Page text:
Then I realize it’s not the jungle, but I that am alone.

In the morning when the bed squeaks, both alarm clocks erupt,

I realize I’m alone in my jungle.

I hear the calls of the wild-

the streetcars, and the metro trains,

wake me in my sleep in my jungle alone,

let me belch in my belly with my Tums,

let me dream in my aloneness I swell.

There is a heart embedded inside this male lion,

I swear jungle man, lion lover, and city dweller.

 

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White Clouds of Elation

Sunday, January 29th, 2017

Michael Marrotti is an author from Pittsburgh, using words instead of violence to mitigate the suffering of life in a callous world of redundancy. His primary goal is to help other people. He considers poetry to be a form of philanthropy. When he’s not writing, he’s volunteering at the Light Of Life homeless shelter on a weekly basis. If you appreciate the man’s work, please check out his his book, F.D.A. Approved Poetry, available on Amazon.

White Clouds of Elation

Sneezing
out oxy
first thing
in the
morning

Walking
through a
white cloud
of elation

Climbing
the stairs
avoiding
the steps

Only a
follower
would
submit
to a
program

I’m making
progress
one day at
a time

All my faith
is consolidated
into a single
phone call

I often wonder
how the other
side lives

Able to accept
all the things
that drive
people to
madness

This renegade
is still free
to walk these
streets of
disease
without the
threat of
infection

This straw
is my sword

This bottle
my shield

Together we’ll
fight off the
contamination
of societal
madness

 

 

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THIS WEEK: Hacking Mobility by Deborah Brannon

Monday, January 23rd, 2017

Stay Tuned THIS WEEK,

for a second installment of

Voices of the Disenfranchised: Disability Narratives

 

Hacking Mobility by Deborah Brannon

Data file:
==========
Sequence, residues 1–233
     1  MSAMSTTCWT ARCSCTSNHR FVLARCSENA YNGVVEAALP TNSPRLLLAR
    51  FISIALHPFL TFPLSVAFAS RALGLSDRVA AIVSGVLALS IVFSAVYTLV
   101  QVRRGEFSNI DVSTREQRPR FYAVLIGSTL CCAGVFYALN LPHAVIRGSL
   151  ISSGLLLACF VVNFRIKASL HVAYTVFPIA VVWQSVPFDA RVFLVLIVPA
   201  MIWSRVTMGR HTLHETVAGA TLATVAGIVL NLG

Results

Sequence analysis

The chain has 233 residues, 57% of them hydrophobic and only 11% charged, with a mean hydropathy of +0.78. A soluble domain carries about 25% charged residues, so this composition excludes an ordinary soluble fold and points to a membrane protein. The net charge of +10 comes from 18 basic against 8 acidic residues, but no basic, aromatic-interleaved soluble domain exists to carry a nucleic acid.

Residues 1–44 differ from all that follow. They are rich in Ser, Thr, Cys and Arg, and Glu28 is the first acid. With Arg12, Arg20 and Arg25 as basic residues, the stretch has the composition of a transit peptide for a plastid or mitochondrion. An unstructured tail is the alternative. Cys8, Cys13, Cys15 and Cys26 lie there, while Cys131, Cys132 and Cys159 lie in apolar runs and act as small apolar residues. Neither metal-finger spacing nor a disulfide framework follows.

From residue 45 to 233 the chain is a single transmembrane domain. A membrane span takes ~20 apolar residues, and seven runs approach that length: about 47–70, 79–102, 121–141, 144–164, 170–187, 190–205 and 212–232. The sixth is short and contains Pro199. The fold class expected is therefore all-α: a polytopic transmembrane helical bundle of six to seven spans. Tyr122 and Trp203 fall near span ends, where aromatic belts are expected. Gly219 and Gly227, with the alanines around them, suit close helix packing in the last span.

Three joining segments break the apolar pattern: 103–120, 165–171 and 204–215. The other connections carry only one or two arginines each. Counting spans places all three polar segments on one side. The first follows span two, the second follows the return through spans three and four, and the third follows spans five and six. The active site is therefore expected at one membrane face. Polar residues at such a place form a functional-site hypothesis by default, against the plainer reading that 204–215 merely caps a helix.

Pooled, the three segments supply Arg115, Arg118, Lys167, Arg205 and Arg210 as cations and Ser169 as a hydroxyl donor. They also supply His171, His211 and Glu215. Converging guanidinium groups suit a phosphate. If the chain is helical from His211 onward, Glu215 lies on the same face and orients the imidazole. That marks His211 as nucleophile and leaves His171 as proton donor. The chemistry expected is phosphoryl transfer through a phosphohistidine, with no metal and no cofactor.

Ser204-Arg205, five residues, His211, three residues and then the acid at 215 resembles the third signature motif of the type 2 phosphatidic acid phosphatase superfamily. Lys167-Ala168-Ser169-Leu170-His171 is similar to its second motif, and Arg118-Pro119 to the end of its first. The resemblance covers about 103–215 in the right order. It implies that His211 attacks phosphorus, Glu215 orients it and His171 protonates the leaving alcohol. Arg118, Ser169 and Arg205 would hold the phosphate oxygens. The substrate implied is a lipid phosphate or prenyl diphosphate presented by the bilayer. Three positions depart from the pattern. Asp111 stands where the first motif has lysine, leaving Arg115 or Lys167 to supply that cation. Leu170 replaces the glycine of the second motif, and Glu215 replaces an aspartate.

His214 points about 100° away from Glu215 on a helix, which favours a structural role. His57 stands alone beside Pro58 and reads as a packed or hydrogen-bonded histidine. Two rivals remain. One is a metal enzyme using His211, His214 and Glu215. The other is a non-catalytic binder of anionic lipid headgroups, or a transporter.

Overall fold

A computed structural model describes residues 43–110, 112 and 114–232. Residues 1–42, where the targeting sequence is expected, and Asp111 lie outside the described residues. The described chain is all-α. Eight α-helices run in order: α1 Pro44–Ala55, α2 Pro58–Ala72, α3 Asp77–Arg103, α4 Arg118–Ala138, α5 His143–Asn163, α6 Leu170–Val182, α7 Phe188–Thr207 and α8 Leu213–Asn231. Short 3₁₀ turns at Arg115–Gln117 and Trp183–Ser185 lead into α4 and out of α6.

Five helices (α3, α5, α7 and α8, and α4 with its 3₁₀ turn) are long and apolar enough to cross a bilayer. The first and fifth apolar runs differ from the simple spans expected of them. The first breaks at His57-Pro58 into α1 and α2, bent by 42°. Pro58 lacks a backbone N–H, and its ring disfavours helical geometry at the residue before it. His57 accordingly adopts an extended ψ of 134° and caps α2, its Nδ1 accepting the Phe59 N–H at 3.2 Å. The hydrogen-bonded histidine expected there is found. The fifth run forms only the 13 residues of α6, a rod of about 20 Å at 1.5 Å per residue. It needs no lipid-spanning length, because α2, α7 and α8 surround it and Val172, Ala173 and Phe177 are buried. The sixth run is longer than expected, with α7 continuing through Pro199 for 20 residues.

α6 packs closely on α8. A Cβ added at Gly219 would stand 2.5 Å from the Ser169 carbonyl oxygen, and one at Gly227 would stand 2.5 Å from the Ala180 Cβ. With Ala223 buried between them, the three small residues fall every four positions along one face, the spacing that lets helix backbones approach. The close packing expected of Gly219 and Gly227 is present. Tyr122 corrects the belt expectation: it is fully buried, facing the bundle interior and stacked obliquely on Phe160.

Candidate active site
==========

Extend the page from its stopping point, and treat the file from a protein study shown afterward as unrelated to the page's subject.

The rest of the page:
What’s New

defenestrationism.net home

 

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More Disability Narratives

Sunday, January 15th, 2017

Meet Defenestrationism.net Special Reporter,

Deborah J. Brannon, (codename: Geek Dame) spends her days in the South herding words by freelancing, with nights and weekends dedicated to scribbling furiously, RPGs (tabletop and video) and a dubious amount of television. Her articles and reviews have appeared in Faerie MagazineFront Page Meews, and Cabinet des Fées, while her original work can be found in Human Tales (editor: Jennifer Brozek), Scheherezade’s Bequest, and more. You can find more articles, reviews, and unabashed excitement on all things geek (flavor: SFF) at www.geekdame.com. Follow her on Twitter as @geekdame .

 

Elegy for a Fallen Angel

by Deborah Brannon

What is it about autumn?
You always asked that question, when I knew you.
What is it about autumn?
every time something went wrong.
I stand by my assurance that as many things went wrong
for you in other seasons.
You were just stuck on autumn
(that is also called Fall)
because of the day you suffered
by a plan, or a mistake, that at least you never intended.
But you can never anticipate God.
You said that too.

You used to moan in your sleep.